1. Ferrovial
  2. Innovation
  3. Technologies


Wearables are smart electronic devices that can be worn on the body, implanted in the body, or incorporated into clothing and are used to collect and transmit data.

Wearables are smart electronic devices that can be worn on the body, implanted in the body, or incorporated into clothing. A few common examples of wearable accessories are smartwatches, health and fitness monitors, and even pet tracking devices.

The purpose of devices like these, and others is to collect data, analyze it and provide useful feedback. With a fitness band, you are collecting data about steps taken, calories consumed and burned, and your heart rate. That data is then translated into useful information for the wearer.

Wearable devices in the form of implants are also being developed. If you have a pet, you may have opted to have a small RFID chip implanted under their skin. This chip transmits information about your pet and your contact information should your pet get lost. It will even let the finder know if your pet is on any medication.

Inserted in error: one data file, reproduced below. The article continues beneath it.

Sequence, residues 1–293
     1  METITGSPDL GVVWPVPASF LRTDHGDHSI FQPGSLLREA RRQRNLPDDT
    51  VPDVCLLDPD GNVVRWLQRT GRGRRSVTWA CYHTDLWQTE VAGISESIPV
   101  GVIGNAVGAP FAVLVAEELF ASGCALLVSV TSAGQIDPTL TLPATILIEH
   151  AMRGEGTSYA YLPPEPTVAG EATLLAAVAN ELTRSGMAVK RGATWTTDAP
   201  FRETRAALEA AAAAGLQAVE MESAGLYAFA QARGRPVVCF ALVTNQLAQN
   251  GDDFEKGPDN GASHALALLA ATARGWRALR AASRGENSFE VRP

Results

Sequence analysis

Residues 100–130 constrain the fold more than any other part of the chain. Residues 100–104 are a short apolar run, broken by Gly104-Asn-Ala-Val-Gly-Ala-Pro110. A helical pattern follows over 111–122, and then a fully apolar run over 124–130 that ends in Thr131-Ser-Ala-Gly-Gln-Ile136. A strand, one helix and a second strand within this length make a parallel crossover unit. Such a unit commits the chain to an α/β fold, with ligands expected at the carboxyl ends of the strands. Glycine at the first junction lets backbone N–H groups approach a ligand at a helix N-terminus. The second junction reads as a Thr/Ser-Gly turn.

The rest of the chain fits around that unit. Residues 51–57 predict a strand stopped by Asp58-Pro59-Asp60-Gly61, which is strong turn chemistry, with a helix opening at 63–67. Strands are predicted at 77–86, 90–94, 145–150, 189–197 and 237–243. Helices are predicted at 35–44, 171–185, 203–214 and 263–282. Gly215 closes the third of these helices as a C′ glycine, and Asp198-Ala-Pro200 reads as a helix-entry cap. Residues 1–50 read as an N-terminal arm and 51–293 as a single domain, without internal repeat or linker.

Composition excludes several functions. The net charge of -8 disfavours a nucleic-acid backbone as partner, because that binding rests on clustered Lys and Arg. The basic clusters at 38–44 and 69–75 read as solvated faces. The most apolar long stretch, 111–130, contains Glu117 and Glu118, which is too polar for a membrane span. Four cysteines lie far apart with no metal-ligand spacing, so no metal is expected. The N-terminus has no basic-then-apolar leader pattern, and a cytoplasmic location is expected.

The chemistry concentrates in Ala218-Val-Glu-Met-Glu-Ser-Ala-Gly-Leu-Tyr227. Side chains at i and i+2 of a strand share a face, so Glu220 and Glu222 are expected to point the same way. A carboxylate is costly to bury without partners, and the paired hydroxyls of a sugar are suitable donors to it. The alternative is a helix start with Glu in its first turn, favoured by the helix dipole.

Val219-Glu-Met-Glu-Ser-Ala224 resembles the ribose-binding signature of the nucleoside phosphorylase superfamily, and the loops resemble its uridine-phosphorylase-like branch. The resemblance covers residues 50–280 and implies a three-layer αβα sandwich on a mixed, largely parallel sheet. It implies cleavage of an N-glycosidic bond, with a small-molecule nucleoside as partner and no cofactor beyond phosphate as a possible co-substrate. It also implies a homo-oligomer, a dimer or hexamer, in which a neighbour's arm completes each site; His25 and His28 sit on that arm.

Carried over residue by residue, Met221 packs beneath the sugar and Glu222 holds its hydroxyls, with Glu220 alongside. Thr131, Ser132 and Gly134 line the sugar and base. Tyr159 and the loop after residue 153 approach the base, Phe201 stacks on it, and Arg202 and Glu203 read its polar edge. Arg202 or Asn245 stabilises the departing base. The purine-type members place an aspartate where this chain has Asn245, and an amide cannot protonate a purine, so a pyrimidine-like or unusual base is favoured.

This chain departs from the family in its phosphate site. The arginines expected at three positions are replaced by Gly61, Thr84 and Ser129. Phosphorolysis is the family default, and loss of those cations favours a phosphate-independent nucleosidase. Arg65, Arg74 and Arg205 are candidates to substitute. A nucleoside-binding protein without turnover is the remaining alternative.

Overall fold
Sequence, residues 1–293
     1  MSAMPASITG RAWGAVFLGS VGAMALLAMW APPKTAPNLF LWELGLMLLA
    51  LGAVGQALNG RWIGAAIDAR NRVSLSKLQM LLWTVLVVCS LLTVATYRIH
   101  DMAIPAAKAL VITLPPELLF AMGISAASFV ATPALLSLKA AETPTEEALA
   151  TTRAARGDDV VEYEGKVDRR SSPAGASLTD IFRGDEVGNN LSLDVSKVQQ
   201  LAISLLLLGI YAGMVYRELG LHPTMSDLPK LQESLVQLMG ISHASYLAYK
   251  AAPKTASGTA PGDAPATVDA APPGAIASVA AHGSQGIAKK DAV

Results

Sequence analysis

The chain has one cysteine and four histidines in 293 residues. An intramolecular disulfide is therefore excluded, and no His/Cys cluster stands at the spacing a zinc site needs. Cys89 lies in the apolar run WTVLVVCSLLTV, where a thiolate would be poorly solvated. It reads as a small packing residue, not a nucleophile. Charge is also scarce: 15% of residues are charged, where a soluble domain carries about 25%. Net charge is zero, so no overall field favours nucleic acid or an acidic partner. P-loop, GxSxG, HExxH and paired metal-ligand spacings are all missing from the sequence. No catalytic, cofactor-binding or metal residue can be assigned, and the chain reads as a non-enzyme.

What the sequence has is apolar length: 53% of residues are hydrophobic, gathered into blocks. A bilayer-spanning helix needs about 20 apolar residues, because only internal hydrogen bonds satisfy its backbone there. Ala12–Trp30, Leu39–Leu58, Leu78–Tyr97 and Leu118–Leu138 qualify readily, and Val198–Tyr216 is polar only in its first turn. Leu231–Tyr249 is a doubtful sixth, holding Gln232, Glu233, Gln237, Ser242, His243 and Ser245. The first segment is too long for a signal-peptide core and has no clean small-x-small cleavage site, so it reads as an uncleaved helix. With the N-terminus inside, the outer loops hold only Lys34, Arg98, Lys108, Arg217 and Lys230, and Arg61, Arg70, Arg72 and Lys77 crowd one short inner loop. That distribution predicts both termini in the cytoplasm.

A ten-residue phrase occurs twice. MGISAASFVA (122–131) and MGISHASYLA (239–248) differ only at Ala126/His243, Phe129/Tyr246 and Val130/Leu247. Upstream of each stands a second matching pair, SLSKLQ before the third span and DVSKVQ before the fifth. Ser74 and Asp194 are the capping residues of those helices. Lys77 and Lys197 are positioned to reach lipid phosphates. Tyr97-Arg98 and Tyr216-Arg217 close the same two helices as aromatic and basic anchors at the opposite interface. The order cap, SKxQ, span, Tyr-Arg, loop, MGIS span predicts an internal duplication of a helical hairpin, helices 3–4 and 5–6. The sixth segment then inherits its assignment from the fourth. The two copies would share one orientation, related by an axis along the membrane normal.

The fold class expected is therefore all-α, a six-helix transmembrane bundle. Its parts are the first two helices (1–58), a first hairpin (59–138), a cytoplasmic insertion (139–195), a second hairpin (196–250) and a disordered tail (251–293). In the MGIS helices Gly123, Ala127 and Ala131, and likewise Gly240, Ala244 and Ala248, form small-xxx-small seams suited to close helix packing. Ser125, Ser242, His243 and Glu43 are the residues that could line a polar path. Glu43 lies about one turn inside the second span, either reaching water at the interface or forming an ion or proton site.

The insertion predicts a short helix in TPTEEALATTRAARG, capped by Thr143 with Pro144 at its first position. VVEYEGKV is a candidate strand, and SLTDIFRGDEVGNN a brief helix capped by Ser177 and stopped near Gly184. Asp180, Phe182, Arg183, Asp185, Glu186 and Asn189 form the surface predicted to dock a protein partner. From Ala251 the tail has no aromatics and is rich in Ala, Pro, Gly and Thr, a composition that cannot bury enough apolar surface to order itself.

It has been reported that the US military is considering embedding similar chips to keep tabs on troops. But is the average citizen ready for this technology?

In Sweden, thousands of people are voluntarily getting wearable implants. Their chips can be programmed to open doors, share social media profiles, and even catch a ride on Sweden’s SJ train system.

Wearables can also be useful to help keep workers safe. Road maintenance crews are often exposed to high-risk work environments. They work close to heavy traffic, in all types of weather conditions, and even in hard-to-access areas.

Amey’s road maintenance teams in north-east England tested out different forms of wearables containing biometric and location sensors. These sensors monitored their physical activity and surroundings.

A bracelet measured vital signs, a collar detected signs of drowsiness, and an ear clip measured blood flow and detected signs of stress and fatigue. They also wore a device that would relay the worker’s precise location if they required assistance.

As the results of this prototype were quite encouraging, Amey is looking for more ways to offer this technology to employees working in other business units to further improve workplace safety.

Google Play App Store